Protests in Madison have been ongoing for twelve days, and show no signs of stopping. Madison police estimate that 10,000 people turned out to protest last Sunday, and yesterday, protesters from police abolition movement Freedom Inc painted “Defund the Police” in front of Madison’s municipal building.
On the first three days of protests, a small number of rioters smashed windows and destroyed property downtown. But since then, protests in Madison have continued, day and night, with little incident or property damage.
Some people are there to defund the police department. Some are there because they want Matt Kenny, an officer who shot 19-year old Tony Robinson five years ago, fired. Some are there for civilian oversight of the Madison Police.
Now, Madison leadership is poised to implement the last of those measures.
On the top of the list is a civilian review board to oversee the police department, and an independent auditor to review police department incidents and procedures.
Those new roles would be the result of nearly five years of work, including a $400,000 consultant report, which took a year and a half to deliver 146 recommendations for changes to the MPD.
Last fall, a civilian-led review committee released its own final report, recommending 177 changes to the Madison Police Department. That report was accepted by Madison’s city council in January. Mayor Satya Rhodes-Conway had already included a main ask — the inclusion of an independent auditor to review the Madison Police Department — in the city’s budget last fall.
Tonight, the City Finance Committee is discussing proposals for a civilian review board and an independent auditor.
But there are differences between the job posting and how the citizen-led review committee described the position for an auditor.
Instead of reporting directly to a civilian review board, the auditor would now report to the mayor, who lacks subpoena power.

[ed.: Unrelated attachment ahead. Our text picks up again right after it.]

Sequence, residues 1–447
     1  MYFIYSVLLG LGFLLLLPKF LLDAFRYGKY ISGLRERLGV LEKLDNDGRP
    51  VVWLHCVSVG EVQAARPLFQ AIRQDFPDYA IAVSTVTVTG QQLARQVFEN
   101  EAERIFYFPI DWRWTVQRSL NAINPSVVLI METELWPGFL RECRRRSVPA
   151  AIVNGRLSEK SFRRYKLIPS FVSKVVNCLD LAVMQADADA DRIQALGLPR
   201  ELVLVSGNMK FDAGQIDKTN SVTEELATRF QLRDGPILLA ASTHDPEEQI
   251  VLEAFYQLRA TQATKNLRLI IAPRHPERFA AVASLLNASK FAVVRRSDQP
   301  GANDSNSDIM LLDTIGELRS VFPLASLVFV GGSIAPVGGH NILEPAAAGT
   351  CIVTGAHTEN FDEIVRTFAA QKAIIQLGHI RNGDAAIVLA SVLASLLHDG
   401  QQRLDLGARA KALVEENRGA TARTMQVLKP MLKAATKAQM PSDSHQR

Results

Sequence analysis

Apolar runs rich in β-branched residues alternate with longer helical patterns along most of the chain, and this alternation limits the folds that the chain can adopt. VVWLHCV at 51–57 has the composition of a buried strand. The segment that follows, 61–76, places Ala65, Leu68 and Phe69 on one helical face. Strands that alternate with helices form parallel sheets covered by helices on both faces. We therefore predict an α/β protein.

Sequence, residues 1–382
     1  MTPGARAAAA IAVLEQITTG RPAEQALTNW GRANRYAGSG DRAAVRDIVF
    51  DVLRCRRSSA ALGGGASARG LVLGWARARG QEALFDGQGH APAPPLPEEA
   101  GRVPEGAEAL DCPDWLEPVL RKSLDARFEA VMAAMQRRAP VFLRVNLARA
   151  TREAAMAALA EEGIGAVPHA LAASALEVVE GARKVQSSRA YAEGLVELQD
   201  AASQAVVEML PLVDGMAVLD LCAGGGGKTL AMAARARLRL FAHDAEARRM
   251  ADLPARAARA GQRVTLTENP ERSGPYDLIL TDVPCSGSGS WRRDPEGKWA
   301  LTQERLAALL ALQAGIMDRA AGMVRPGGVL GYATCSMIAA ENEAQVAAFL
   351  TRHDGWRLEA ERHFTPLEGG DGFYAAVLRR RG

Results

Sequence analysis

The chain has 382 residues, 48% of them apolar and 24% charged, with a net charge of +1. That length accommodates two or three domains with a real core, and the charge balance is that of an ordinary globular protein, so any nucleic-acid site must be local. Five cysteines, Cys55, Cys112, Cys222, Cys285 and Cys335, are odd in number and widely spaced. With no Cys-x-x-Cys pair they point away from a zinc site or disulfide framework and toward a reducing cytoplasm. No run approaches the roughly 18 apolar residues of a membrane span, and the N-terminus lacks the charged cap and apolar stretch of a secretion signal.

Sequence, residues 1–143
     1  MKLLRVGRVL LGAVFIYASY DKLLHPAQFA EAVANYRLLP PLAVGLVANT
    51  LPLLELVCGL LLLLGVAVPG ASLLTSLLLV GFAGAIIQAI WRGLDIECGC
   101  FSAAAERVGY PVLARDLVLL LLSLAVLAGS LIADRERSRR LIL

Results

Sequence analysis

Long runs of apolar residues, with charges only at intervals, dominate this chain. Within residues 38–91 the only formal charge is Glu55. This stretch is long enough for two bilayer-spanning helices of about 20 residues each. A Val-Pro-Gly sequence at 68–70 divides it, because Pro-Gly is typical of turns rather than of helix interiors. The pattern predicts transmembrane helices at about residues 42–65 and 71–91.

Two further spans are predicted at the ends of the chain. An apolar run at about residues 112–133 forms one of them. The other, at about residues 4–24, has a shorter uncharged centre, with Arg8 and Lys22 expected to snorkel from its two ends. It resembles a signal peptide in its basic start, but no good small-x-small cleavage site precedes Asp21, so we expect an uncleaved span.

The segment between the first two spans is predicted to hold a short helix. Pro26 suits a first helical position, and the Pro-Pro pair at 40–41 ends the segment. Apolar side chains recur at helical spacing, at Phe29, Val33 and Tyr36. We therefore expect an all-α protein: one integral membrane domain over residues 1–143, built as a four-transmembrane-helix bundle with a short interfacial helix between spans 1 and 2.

An initial job description did not include other details that came recommended by the citizen-led Policy & Procedure Review Ad Hoc Committee, including a requirement that the auditor not be someone previously employed by the Madison Police Department.
An updated version posted today has restored that language, but it still lacks subpoena power. According to Madison Mayor Satya Rhodes-Conway, that’s because of city law.
“Under the city’s ordinances, you can’t vest subpoena power into a person, you can only vest it into a committee,” says Rhodes-Conway. “I think the appropriate action is to have the civilian oversight committee have subpoena power, providing more transparency, more democratic control, and prevent against any misuse of that power.”
Rhodes-Conway says that the reason the police auditor would report to the mayor instead of the review board is because that’s how all department heads work. She says the details of the review board will still need to be decided by the Common Council.
But some of the former members of the Ad Hoc Committee say that the auditor reporting to the mayor could be a threat to the independence of the position. One member, Matthew Braunginn, says the committee’s recommendation was a precaution.
“We didn’t want it to be too reliant upon who the mayor was,” said Braunginn. “My understanding is that it’s set up like any other city manager position, and I understand that view from the city government in not wanting to rock the boat. At the same time, this is such a unique circumstance. Not every city manager is conducting oversight of an entity that, quite literally, is in the business of life and death.”
The Finance Committee Meeting began meeting virtually on Tuesday at 4:30.
The Madison City Council will discuss the auditor position, and the creation of a civilian review board, next Tuesday.